August 14, 2002 |
When we first tested Cry Baby cookie recipes, we wound up with flat cookies that were torn and had holes. We tried several different recipes, then realized the secret to perfect cookies was an old-fashioned technique--dissolving the baking soda in the coffee, rather than combining it with the other dry ingredients. Baking soda must be activated by the presence of an acid and a liquid. Doing this kick-starts the soda into action and affects the structure of the final cookie.
December 20, 2010 |
My doctor prescribed Zegerid for acid reflux. It contains omeprazole plus sodium bicarbonate. My pharmacist says I can take OTC omeprazole plus baking soda and get the same results for less money. A 30-day supply of the prescription is $129. The pharmacist gave you money-saving advice. Make sure she tells you how to substitute the dose of house-brand omeprazole and the baking soda so they parallel the doctor's prescription. Be careful not to overuse baking soda, since this could provide too much sodium.
July 15, 1990 |
Millions of pounds of household hazardous wastes end up in landfills each year. Products such as household cleaners, pesticides, motor oil and others can contaminate the water supply when improperly disposed. We hear a lot about avoiding toxic chemicals because they're harmful to our environment. But what are safer choices? The accompanying list shows nontoxic alternatives for paints, household cleaners and pesticides.
April 9, 1987
"I've had this recipe since September 1980," Marlyn Paul writes, "a friend I hadn't worked with since 1958 returned to work and gave this to me. We all love it. It's great for camp-outs and coffee mornings." LEMON YOGURT MUFFINS 1 (8-ounce) carton lemon yogurt 1/3 cup butter or margarine, melted 2 cups buttermilk baking mix 1/4 cup sugar 1 egg, beaten 1/2 teaspoon baking soda In bowl combine lemon yogurt, melted butter, buttermilk baking mix, sugar, egg and baking soda.
December 11, 1986
"This is a favorite recipe of my whole family for the holidays," Ester Derkez of Wisconsin writes. "Everyone that's ever had it has loved it." PUMPKIN BARS 4 eggs 1 cup oil 2 1/4 cups sugar 1 (16-ounce) can pumpkin 2 cups flour 1/2 teaspoon salt 1 1/2 teaspoons ground cinnamon 1 teaspoon baking soda 1 cup chopped nuts, optional Cream Cheese Frosting Beat eggs, oil and sugar. Mix in pumpkin, then flour, salt, cinnamon and baking soda. Stir in nuts. Pour into greased 17x11-inch baking pan.
February 19, 1997 |
A crunchy oat topping adds fiber, texture and flavor to this baked apple dish. Butter is kept to a minimum by adding canola oil to the streusel-like topping. The apples are cut into wedges rather than thin slices so they won't cook down to a mush while baking. A touch of lemon juice is stirred into the apples to keep them from turning brown. No additional sugar is needed in the apples because there's enough sweetness in the topping.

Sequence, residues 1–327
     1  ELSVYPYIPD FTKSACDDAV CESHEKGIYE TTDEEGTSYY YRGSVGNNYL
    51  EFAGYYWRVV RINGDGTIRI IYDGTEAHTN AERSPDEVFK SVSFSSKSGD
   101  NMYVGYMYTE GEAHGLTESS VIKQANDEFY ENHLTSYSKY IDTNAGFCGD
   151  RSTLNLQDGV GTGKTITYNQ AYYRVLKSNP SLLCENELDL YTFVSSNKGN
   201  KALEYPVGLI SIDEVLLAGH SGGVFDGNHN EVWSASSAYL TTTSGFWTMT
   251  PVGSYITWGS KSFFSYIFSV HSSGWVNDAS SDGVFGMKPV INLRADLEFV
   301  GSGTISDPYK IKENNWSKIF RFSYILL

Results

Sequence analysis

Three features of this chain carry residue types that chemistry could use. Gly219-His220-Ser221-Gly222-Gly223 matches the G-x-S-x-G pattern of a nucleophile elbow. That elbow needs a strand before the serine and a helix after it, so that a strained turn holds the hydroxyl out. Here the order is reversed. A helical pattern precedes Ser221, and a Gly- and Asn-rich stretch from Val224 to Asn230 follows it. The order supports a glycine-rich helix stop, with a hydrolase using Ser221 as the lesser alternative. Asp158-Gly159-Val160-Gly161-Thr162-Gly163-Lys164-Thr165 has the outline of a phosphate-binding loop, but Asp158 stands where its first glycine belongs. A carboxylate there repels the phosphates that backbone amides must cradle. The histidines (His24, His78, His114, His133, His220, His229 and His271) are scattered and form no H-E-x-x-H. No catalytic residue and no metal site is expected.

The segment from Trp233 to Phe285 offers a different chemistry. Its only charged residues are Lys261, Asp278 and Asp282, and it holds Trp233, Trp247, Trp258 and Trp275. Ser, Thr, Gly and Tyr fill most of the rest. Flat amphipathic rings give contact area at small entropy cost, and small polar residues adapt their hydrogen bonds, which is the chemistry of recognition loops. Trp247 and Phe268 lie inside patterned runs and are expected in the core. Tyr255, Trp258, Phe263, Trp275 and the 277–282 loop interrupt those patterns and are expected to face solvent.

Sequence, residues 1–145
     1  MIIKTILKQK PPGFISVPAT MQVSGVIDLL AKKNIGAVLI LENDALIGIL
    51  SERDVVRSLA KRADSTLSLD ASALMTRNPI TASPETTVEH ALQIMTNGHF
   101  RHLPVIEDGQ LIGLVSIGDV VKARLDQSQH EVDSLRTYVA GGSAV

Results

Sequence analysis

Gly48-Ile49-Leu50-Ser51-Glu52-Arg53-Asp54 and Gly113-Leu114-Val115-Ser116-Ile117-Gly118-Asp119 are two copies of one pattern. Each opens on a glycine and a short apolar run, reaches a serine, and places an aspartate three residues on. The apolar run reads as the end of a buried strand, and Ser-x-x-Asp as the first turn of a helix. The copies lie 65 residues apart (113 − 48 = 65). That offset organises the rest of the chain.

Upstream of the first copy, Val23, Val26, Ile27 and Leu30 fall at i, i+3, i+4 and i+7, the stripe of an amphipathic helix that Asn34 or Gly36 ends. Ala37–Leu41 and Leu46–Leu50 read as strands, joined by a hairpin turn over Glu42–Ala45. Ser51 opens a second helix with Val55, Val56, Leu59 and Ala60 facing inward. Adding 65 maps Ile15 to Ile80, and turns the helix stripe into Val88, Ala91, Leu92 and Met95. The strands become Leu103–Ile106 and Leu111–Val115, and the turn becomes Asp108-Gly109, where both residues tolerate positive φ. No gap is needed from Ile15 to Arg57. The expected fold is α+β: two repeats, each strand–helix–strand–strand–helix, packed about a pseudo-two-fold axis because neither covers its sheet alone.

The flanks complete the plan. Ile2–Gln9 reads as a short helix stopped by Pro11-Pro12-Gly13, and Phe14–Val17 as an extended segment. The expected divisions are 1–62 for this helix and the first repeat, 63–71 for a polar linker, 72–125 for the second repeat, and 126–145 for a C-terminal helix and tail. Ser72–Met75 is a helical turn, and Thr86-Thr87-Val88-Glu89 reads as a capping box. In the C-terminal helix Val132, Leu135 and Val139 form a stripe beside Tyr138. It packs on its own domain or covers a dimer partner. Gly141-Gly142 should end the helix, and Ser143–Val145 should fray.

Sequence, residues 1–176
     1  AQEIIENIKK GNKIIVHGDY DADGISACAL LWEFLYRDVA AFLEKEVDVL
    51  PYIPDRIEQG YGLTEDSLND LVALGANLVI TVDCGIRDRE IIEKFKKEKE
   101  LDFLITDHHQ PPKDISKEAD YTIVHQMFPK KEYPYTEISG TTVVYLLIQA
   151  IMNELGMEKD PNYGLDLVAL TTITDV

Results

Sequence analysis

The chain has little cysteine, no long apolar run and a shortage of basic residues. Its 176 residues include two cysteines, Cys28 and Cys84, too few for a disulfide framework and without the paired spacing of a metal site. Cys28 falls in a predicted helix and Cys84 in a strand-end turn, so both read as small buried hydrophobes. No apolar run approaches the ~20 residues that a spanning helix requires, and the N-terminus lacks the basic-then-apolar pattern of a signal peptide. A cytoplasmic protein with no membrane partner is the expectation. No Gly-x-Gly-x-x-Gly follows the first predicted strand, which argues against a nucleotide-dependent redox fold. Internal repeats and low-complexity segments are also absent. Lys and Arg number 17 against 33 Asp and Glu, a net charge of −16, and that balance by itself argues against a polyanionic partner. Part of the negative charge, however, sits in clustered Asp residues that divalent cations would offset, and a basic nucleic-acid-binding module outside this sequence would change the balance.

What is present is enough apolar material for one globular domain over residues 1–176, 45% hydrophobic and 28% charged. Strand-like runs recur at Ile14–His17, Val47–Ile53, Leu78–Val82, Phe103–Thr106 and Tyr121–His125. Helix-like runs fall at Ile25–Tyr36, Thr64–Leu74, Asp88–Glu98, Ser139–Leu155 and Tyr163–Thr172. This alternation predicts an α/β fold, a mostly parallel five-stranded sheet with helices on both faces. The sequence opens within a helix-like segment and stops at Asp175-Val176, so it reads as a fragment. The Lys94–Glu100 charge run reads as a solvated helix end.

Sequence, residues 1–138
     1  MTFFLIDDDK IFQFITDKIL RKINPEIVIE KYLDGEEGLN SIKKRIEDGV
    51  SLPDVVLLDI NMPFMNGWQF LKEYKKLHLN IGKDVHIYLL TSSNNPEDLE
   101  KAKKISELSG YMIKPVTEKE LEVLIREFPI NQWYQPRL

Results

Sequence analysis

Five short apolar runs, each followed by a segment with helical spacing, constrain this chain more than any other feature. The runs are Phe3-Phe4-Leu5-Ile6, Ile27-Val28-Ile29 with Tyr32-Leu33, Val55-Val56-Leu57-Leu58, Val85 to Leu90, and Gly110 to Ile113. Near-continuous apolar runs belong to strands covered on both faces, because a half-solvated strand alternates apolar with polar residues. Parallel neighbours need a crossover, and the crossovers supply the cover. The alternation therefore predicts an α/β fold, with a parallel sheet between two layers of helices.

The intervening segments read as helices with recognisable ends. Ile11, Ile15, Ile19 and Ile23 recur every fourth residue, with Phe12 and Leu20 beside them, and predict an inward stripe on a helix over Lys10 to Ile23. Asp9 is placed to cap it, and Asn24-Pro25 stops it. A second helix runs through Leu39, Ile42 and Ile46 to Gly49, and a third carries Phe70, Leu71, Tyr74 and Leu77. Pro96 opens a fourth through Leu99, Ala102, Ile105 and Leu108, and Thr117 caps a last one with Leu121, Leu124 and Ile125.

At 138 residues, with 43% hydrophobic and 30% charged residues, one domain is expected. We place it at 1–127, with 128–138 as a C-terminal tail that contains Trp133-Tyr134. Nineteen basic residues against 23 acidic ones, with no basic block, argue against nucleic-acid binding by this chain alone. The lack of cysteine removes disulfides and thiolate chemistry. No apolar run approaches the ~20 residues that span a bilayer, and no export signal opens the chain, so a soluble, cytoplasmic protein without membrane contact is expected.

July 15, 1998 |
Some recipes come in a flash. Others take a little longer. I've been working on this one for more than a year. Then again, usually when I'm developing a recipe, it's for work. This one was a labor of love. For some time now, it has been my habit to rise early on the weekend, walk the dogs and read the paper in the garden over a cup of coffee. Thus civilized, I'm able to mix up a batch of pancake batter, which is usually just about when my wife wakes up.
September 16, 2009 |
Dear SOS: I discovered the best currant scones at La Provence in Beverly Hills. Even the shape is special: free-form and crispy. Shirley Bilfield Century City Dear Shirley: Fan of currants? Then look no further! Each of these scones is packed with those tiny little raisins, so you can be sure every bite has an extra dose of tangy sweetness. They're great served with a little softened butter, honey or marmalade, and make the perfect quick breakfast. Black currant scones Total time: About 1 hour Servings: Makes 14 scones Note: Adapted from La Provence Cafe.
CALIFORNIA | LOCAL
June 21, 2008 |
A former nuclear plant engineer accused of dispatching more than 50 hoax anthrax letters to businesses, the media and government officials, including President Bush, has been sentenced to more than four years in prison, authorities announced Friday. Michael Lee Braun, 53, a retired engineer at the mothballed Rancho Seco nuclear facility in southern Sacramento County, pleaded guilty to sending letters containing threats and white powder that he claimed was "poison" and a "death powder."